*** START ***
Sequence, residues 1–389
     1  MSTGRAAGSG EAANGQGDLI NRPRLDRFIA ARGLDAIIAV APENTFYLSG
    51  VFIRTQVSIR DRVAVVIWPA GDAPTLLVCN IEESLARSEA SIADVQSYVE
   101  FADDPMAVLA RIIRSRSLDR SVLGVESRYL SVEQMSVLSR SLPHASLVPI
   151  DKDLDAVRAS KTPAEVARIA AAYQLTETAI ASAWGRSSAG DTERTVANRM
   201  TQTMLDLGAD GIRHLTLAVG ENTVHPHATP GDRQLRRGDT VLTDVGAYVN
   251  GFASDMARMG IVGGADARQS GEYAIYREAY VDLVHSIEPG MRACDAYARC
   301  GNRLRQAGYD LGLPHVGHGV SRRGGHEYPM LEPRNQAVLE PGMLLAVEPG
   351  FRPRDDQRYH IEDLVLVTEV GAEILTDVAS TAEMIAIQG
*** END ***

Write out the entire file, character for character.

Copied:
Sequence, residues 1–389
     1  MSTGRAAGSG EAANGQGDLI NRPRLDRFIA ARGLDAIIAV APENTFYLSG
    51  VFIRTQVSIR DRVAVVIWPA GDAPTLLVCN IEESLARSEA SIADVQSYVE
   101  FADDPMAVLA RIIRSRSLDR SVLGVESRYL SVEQMSVLSR SLPHASLVPI
   151  DKDLDAVRAS KTPAEVARIA AAYQLTETAI ASAWGRSSAG DTERTVANRM
   201  TQTMLDLGAD GIRHLTLAVG ENTVHPHATP GDRQLRRGDT VLTDVGAYVN
   251  GFASDMARMG IVGGADARQS GEYAIYREAY VDLVHSIEPG MRACDAYARC
   301  GNRLRQAGYD LGLPHVGHGV SRRGGHEYPM LEPRNQAVLE PGMLLAVEPG
   351  FRPRDDQRYH IEDLVLVTEV GAEILTDVAS TAEMIAIQG